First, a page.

The patient, born on 20/02/1978, was referred to hematology of the Campus Teaching Hospital by the gynecologist on 17th March 2017 for an exploration of severe chronic anemia. She was pregnant and at 26 WA. She was a second gesture, nulliparous, and antecedent of spontaneous abortion at 3 months. She was seen in gynecology at 13 weeks of amenorrhea (WA). She had a regular cycle, the date of the last menstruation well known confirmed by the ultrasound of the first trimester. Physical examination revealed conjunctival paleness and moderate asthenia. The prenatal checkup blood count showed anemia at 7 g/l, the deep drop the parasitological examination of the stools were without abnormalities; and the electrophoresis of hemoglobin (Hb) showed a normal Hb AA. She was not an alcoholic; she had received martial treatment with ferrous fumarate 66 milligrams per day. At 26 WA, clinical examination showed the persistence of mucous pallor and asthenia, a weight of 57 kg, a height of 163 cm, a blood pressure (BP) of 120/60 mm·Hg in both arms, and negative proteinuria. Obstetrically, the uterine height was 16 cm, and there was good fetal vitality. During ultrasound, there was a harmonious development of the fetus, but it was lower than that for the gestational age at 10th percentile based on fetal biometry. The amniotic fluid amount was normal. The uterine artery Doppler and the fetal brain Doppler were normal. The control hemogram had objectified anemia at 65 g/l. In view of etiological research of anemia, this patient was referred to hematology before the signs of IUGR complication.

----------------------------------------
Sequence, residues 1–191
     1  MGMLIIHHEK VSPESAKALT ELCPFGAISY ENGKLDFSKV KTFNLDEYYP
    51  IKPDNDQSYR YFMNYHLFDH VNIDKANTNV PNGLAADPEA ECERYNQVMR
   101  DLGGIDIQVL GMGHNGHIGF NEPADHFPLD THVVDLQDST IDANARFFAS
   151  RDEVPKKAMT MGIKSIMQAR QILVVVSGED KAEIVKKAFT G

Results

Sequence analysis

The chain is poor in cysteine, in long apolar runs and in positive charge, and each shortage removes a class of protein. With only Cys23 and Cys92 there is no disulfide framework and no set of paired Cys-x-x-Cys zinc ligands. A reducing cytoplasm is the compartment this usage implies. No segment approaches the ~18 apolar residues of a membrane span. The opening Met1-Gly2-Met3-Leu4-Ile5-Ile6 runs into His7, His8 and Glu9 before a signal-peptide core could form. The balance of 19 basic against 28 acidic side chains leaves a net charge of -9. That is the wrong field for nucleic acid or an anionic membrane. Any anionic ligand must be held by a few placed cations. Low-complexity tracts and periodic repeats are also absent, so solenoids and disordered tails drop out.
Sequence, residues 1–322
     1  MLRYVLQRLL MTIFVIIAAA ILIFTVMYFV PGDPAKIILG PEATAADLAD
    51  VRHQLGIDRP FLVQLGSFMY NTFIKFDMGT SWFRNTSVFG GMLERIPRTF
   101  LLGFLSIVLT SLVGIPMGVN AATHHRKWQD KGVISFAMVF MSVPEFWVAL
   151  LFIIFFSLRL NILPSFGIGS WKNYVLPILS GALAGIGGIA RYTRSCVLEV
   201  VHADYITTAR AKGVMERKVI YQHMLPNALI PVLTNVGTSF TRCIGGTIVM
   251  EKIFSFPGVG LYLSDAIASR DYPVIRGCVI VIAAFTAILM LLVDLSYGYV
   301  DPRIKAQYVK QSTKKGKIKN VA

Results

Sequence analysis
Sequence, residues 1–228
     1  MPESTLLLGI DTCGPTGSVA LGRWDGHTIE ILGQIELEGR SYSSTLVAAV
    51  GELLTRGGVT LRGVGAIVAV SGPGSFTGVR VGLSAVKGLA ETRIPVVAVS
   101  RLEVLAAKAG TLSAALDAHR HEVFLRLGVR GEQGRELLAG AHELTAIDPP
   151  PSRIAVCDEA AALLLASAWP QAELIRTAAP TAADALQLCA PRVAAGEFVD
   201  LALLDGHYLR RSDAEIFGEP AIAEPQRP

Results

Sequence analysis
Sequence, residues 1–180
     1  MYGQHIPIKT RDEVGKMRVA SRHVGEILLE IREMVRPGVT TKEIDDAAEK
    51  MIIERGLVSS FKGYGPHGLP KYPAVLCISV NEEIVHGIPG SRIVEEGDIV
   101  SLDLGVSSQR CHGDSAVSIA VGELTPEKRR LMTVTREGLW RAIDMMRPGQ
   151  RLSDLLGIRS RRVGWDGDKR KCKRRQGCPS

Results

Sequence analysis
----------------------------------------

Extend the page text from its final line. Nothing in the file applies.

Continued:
The clinical examination in hematology had found the relatively compensated anemic syndrome. The general condition was good. There were no digestive or neurological signs. After hematological examination, pancytopenia with macrocytic aregenerative anemia 47 g/l (MCV at 109 fl) (reticulocytes at 23 g/l), leukopenia at 3.4 g/l, neutropenia at 1.02 g/l, and thrombocytopenia at 58 g/l were observed. The myelogram by sternal puncture found megaloblastosis at 53%. On a biochemical basis, the serum vitamin B12 assay showed a collapsed vitamin B12 at 61.7 pg/ml (208–963.5), normal serum folates at 9.9 ng/ml (7.2–15.4), increased serum homocysteine to 51.44 μmol/l (3.36–20.44 μmol/l), and elevated LDH (6044 IU/l) > 13 normal. Immunological marking of anti-intrinsic factors (IF) performed at the CERBA Laboratory in France was positive. Upper gastrointestinal endoscopy with biopsies noted fundal atrophy with erosive bulbitis. Anatomopathological examination showed chronic atrophic gastritis without Helicobacter pylori. The anti-IF antibody had not been researched on biopsy specimens. The diagnosis of BD had been posited with certainty. IUGR was secondary to this chronic anemia related to BD.